Girl talk, not tennis, on Sharapova, Serena minds
ISTANBUL - Maria Sharapova and Serena Williams admitted Monday they had been distracted by some x-rated girl talk during the draw ceremony for the WTA Championships, the tour's flagship event.
If the highest profile tour in women's sport has an image of super-competitive super-rich players who don't have much time for each other, the world's two wealthiest women athletes went some way to dispelling it.
Instead Sharapova and Williams were giggling and whispering in a way old school buddies might share the latest gossip.
"You do not want to know about it," grinned Sharapova when the subject of their chatter during the tournament's draw was requested at a press conference.
On being told that the questioner did indeed want to know about it, Sharapova replied: "It's not PG-13," referring to a movie rating which indicates admission is granted to persons of all ages but parental guidance is suggested for those under 13.
Pressed further, Sharapova added: "We did not talk about tennis."
Coming from a player who has this year completed a career Grand Slam and also involving the most successful active player in the sport, the remark brought general laughter.
Eventually the mirthful atmosphere coaxed Sharapova into revealing more about their secret words.
"Obviously when you're sitting there for 45 minutes and you're listening to a lot of Turkish speeches, at some point you're going to start some conversations in English," she said.
"It may be a little inappropriate and rude maybe, but we couldn't" - and Sharapova paused, apparently for a speedy judgement - "we were just joking about a few things."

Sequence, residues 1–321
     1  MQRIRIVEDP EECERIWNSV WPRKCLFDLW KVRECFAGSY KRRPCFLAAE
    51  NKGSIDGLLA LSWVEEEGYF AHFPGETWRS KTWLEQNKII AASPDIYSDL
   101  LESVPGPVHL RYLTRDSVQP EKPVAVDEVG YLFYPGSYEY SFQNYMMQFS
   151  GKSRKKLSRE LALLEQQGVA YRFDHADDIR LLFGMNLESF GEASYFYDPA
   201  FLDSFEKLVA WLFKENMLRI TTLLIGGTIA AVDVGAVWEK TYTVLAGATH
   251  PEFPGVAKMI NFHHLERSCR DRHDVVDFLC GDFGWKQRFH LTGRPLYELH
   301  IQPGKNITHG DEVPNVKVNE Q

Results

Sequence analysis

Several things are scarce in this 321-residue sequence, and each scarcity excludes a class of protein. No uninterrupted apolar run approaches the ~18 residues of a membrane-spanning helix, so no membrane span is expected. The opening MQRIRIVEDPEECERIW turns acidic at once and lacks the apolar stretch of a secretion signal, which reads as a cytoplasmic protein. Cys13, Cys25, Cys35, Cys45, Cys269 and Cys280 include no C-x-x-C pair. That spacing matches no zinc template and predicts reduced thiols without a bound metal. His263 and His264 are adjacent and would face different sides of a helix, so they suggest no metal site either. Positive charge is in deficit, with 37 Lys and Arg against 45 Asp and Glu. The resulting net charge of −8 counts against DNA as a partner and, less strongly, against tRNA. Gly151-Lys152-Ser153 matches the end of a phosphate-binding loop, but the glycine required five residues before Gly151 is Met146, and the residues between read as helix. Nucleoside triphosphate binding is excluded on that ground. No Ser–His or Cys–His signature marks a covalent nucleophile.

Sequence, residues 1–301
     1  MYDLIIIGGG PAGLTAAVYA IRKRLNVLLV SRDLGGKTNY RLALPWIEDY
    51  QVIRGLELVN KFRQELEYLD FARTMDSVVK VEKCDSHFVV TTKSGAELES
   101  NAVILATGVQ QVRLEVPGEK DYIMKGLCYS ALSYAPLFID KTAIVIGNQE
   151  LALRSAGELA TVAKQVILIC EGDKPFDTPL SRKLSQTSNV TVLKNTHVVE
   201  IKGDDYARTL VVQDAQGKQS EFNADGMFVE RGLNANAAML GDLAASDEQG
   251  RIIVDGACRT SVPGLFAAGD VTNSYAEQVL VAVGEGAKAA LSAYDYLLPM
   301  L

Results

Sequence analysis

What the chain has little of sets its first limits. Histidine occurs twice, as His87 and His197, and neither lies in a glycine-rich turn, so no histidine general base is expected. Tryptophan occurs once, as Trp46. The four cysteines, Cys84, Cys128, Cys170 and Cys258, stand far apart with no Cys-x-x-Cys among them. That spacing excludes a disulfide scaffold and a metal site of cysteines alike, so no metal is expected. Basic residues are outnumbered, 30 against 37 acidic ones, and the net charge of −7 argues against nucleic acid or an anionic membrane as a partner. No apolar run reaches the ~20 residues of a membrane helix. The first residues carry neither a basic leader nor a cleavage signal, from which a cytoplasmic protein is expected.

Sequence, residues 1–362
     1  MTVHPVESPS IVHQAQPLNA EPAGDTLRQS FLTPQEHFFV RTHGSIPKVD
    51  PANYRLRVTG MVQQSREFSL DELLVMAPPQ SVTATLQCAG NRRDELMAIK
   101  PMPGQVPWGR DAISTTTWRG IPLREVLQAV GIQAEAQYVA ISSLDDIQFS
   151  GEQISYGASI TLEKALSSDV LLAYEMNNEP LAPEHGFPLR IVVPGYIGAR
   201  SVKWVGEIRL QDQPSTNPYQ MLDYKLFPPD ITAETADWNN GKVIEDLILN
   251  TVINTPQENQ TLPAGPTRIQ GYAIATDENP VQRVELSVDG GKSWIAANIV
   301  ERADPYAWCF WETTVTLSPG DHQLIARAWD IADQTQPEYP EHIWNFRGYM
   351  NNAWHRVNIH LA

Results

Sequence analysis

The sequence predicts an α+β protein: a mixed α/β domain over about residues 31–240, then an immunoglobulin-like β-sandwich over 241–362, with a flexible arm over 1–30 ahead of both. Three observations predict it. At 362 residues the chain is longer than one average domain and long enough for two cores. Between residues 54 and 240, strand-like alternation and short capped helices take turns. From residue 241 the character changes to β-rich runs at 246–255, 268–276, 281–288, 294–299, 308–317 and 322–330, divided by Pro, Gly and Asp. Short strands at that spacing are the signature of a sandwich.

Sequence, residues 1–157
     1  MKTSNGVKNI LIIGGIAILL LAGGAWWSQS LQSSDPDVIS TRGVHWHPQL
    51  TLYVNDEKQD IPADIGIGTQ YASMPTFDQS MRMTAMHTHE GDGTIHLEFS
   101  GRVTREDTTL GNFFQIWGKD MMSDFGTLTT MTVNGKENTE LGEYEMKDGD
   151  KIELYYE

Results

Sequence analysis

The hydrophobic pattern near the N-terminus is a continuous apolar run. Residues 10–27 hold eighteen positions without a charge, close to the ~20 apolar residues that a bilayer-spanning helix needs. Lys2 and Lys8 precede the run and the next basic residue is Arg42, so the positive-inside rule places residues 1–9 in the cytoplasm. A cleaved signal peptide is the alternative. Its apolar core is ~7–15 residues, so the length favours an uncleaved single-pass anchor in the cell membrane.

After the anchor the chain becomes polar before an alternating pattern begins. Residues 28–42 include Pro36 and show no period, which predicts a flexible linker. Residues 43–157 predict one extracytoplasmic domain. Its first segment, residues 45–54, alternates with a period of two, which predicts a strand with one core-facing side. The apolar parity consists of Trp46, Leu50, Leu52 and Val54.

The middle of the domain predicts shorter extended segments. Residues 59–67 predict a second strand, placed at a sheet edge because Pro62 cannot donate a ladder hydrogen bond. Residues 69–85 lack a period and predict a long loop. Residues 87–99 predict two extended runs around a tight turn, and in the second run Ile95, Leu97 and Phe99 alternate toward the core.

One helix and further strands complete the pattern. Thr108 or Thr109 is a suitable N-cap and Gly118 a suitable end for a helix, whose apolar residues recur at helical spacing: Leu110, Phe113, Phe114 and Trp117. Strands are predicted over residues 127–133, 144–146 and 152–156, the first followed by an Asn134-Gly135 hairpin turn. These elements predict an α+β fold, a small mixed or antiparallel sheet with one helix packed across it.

Earlier Williams too had hinted at humorous but unrepeatable indiscretions. Reminded that a couple of hours previously she had tweeted about a "what-was-I-thinking moment", she said "yeah."
Asked to share it a little more, she retorted: "No absolutely cannot share," though the thought of it threatened to split her sides.
"It was definitely a what-was-I-thinking moment," Williams concluded. "I'm glad I'm not in that moment any more."
The flirting with impropriety may be a symptom of the impending relief from a physically and mentally tough ten-month tour, in which Sharapova has so far played 66 matches and Williams 57.
After this, the final tournament of the year, in which Sharapova is the second seed and Williams the unofficial favourite, the two gigglers will be rivals for the WTA Player of the Year award, for which world number one Victoria Azarenka is also a contender.
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